Dr. Strode's Poem (no. 10. p. 147.).—Dr. Strode's poem, beginning—

"Return my joys, and hither bring—"

which Dr. Rimbault does "not remember to have seen in print," is in Ellis's Specimens, iii. 173. ed. 1811. He took it from Wit Restored, p. 66. ed. 1658, or i. 168. reprint. It is the second poem mentioned by Dr. Bliss, A.O. iii. 152., as occurring with Strode's name in MS. Rawl. 142.


"All to-broke" (No. 25. p. 395.).—Surely the explanation of Judges, ix. 53, is incorrect. Ought not the words to be printed "and all-to brake his scull," where "all-to" = "altogether"?


Woolton's Christian Manual (No. 25. p. 399.).—There is a copy in the Grenville Collection.


Tract by F.H. (No. 25. p. 400.).—"J.E." may advance his knowledge about F.H. slightly, by referring to Herbert's Ames, p. 1123.


Duke of Marlborough (No. 26. p. 415.).—Your correspondent "BURIENSIS" is referred to the Trial of William Barnard, Howell's State Trials, xix. 815-846.; the case of Rex v. Fielding, Esq., Burrow's Reports, ii. 719. and Lounger's Common Place Book, tit. Barnard, William. The greater part of this latter article is in Leigh Hunt's One Hundred Romances of Real Life, No. 1.


Cambridge, April 29. 1850.

["C.I.R." refers "BURIENSIS" to Burke's Celebrated Trials connected with the Aristocracy, London, 1848; and "J.P. Jun." refers to Leigh Hunt's London Journal, No. 1. p. 5., No. 3. p. 24.]

Lord Carrington or Karinthon (No. 27. p. 440.).—The nobleman about whom "C." inquires, was Sir Charles Smith, created an English baron 19 Charles I., by the title of Lord Carrington, and afterwards advanced to the dignity of an Irish Viscount under the same name. These honours were conferred upon him for his services to the King in the time of his majesty's great distresses.

On the 20th Feb., 1655, whilst travelling in France, Lord Carrington was barbarously murdered by one of his servants for the sake of his money and jewels, and buried at Pontoise. (Bankes' Dormant and Extinct Peerage, vol. iii. p. 155.) The title became extinct circiter 1705.


Lord Monson presents his compliments to the Editor of "NOTES AND QUERIES," and has the pleasure of answering a Query contained in this day's Number, p. 440.; and takes the liberty of adding another.

The English nobleman murdered at Pontoise was Charles Smith, Viscount Carrington of Barrefen, Ireland, and Baron Carrington of Wotton Warem, co. Warwick; the date in the pedigrees of the murder is usually given 1666, probably March 1665-6.

The last Lord Carrington died 17 May, 1706: the estates of Wotton came to Lewis Smith, who married Eliz., daughter of William Viscount Monson, and relict of Sir Philip Hungate. His son Francis Smith Carrington died in 1749, and left one daughter and heir. What relation was Lewis Smith to the Smiths Lord Carrington? No pedigree gives the connection.

Dover, May 4. 1850.

["J.M.W." has kindly answered this Query; so also has "W.M.T.," who adds, "Lord Carrington, previously Sir Charles Smith, brother to Sir John Smith, who fell on the King's side at Alresford in 1644, being Commissary-General of the Horse. By the way, Bankes says it was his son John who fell at Alresford, but it is more likely to have been, as Clarendon states, his brother, unless he lost there both a brother and a son."]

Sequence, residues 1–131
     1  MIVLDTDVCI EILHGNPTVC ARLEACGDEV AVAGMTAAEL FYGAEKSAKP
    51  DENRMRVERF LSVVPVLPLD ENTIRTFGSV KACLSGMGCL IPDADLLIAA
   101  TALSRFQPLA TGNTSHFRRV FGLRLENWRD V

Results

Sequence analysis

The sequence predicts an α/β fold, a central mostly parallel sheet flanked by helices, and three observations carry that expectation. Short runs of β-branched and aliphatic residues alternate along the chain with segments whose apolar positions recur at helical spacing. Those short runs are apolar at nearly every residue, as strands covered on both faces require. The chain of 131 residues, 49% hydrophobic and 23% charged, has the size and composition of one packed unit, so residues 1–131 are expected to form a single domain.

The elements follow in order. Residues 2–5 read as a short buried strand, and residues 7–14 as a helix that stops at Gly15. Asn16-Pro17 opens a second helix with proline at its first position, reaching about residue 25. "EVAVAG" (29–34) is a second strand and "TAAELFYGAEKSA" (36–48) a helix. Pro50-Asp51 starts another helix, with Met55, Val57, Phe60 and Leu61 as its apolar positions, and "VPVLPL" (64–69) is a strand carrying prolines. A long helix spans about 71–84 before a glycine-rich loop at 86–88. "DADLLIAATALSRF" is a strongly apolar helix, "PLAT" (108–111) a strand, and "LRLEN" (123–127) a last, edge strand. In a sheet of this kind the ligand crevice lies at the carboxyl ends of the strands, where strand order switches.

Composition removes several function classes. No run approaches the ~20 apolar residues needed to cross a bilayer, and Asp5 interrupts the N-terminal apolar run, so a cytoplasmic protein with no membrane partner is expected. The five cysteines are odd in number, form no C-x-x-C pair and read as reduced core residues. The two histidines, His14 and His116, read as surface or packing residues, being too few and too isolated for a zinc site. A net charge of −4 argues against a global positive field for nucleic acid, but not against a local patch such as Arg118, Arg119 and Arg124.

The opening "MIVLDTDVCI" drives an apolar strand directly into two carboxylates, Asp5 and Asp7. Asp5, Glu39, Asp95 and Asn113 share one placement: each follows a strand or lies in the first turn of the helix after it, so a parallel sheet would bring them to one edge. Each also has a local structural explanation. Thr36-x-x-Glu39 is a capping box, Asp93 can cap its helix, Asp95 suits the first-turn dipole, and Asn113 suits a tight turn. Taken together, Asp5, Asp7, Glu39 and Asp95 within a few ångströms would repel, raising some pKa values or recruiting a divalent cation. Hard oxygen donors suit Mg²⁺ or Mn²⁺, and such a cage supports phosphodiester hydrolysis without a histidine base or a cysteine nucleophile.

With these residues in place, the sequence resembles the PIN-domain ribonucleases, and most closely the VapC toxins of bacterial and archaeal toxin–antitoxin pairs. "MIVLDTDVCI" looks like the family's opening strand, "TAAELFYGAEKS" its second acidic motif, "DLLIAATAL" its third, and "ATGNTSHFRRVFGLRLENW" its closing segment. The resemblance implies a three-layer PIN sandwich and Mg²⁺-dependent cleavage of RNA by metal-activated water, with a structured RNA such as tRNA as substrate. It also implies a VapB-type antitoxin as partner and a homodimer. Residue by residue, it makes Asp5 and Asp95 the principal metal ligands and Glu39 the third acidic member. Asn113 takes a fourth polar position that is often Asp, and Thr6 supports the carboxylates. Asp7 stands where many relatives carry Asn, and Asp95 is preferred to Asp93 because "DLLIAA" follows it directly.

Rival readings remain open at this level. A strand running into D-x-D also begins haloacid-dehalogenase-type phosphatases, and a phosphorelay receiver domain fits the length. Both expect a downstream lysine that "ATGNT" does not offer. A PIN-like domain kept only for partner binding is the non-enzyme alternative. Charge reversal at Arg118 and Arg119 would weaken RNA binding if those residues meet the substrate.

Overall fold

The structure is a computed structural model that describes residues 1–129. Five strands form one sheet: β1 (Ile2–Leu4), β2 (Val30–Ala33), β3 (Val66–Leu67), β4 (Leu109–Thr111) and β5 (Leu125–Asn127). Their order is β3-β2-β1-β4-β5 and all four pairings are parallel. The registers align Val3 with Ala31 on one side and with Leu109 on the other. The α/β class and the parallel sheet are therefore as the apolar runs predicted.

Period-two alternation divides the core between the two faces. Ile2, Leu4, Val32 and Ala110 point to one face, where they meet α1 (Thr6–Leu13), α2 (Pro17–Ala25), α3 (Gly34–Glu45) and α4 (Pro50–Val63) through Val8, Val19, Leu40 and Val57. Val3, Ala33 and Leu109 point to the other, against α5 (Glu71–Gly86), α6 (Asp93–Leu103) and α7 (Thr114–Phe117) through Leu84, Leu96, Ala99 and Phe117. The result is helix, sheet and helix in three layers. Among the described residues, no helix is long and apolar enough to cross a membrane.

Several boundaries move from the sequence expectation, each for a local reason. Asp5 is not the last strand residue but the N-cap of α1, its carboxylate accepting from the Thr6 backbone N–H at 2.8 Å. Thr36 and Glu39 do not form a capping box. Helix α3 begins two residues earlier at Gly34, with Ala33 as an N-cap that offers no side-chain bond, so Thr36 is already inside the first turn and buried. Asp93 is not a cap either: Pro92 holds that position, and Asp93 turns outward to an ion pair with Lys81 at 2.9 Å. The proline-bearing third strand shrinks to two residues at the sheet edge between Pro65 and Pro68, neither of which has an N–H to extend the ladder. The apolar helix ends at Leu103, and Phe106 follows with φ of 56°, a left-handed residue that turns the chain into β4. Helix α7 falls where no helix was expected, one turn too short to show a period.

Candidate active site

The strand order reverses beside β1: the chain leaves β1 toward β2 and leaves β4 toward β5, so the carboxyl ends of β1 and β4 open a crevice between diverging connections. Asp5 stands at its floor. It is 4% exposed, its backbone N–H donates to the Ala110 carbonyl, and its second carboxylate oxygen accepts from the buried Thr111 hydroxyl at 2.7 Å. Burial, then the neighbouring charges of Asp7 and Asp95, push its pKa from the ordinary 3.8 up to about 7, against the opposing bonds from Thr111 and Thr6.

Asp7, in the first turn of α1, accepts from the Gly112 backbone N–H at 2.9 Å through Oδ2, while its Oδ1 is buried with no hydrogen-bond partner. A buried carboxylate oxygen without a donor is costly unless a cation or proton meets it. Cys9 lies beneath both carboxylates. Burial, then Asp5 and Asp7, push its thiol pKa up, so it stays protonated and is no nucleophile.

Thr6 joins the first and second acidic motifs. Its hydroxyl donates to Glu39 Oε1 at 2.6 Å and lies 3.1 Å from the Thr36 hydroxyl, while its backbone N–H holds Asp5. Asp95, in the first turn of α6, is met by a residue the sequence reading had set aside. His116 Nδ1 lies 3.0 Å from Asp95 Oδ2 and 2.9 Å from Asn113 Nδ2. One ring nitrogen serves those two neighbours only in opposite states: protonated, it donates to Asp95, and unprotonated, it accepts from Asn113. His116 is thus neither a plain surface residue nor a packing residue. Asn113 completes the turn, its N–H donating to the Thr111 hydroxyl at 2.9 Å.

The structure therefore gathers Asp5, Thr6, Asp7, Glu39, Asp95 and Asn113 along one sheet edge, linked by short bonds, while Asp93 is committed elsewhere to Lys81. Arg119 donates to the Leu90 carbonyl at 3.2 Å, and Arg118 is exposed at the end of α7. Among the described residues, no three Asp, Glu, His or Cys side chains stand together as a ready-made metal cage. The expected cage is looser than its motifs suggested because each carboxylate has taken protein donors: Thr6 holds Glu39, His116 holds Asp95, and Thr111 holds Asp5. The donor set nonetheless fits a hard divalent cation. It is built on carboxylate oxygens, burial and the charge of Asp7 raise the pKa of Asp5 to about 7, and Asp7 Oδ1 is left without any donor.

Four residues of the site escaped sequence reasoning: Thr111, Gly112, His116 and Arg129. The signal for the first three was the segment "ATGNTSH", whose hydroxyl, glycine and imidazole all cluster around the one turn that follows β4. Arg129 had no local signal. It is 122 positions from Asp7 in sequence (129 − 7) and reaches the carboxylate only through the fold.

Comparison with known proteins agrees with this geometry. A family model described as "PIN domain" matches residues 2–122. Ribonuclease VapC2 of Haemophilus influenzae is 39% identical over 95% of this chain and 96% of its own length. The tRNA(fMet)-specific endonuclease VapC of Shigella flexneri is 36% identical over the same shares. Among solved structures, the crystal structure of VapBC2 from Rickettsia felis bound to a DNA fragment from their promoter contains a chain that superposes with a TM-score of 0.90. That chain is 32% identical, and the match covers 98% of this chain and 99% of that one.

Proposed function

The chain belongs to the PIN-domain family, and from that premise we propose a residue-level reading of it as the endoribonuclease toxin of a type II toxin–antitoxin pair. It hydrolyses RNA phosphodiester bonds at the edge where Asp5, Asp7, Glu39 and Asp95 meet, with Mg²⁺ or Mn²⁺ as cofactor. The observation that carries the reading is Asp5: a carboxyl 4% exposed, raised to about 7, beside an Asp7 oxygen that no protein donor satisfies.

Esquires and Gentlemen.—I would ask your correspondent (No. 27. p. 437.), whether he has ascertained the grounds of distinction made in the seventeenth and in the early part of the eighteenth century, between esquires and gentlemen, when both were landed proprietors? We find lists of names of governors of hospitals, trustees, &c., where this distinction is made, and which, apparently, can only be accounted for on this ground, that the estates of the gentleman were smaller in extent than those of the esquire; and, consequently, that the former was so far a person of less consideration. Had the bearing of coat armour, or a connection with knighthood, any thing to do with the matter?


Bath, May.

Early Inscriptions.—The excellent remarks by "T.S.D." on "Arabic Numerals, &c." (No. 18. p. 279.) have put me in mind of two cases which in some degree confirm the necessity for his caution respecting pronouncing definitively on the authenticity of old inscriptions, and especially those on "Balks and Beams" in old manorial dwellings. The house in which I spent the greater portion of my youth was a mansion of the olden time, whose pointed gables told a tale of years; and whose internal walls and principal floors, both below and above stairs, were formed of "raddle and daub." It had formerly belonged to a family of the name of Abbot; but the "last of the race" was an extravagant libertine, and after spending a handsome patrimonial estate, ended his days as a beggar. Abbot House was evidently an ancient structure; but unfortunately, as tradition stated, a stone, bearing the date of its erection, had been carelessly lost during some repairs. However, in my time, on the white wainscot of a long lobby on the second floor, the initials, "T.H. 1478," were distinctly traced in black paint, and many persons considered this as nothing less than a "true copy" of the lost inscription. Subsequent inquiry, however, finally settled the point; for the inscription was traced to the rude hand of one of the workmen formerly employed in repairing the building, who naively excused himself by declaring that he considered it "a pity so old a house should be without a year of our Lord."

The second instance is that of the occurrence of "four nearly straight lines" on one of the compartments of a fine old font in Stydd Church, near Ribchester, which many visitors have mistaken for the date "1178." A closer scrutiny, however, soon dispels the illusion; and a comparison of this with similar inscriptions on the old oak beams of the roof, soon determines it to be nothing more than a rude, or somewhat defaced, attempt to exhibit the sacred monogram "I.H.S."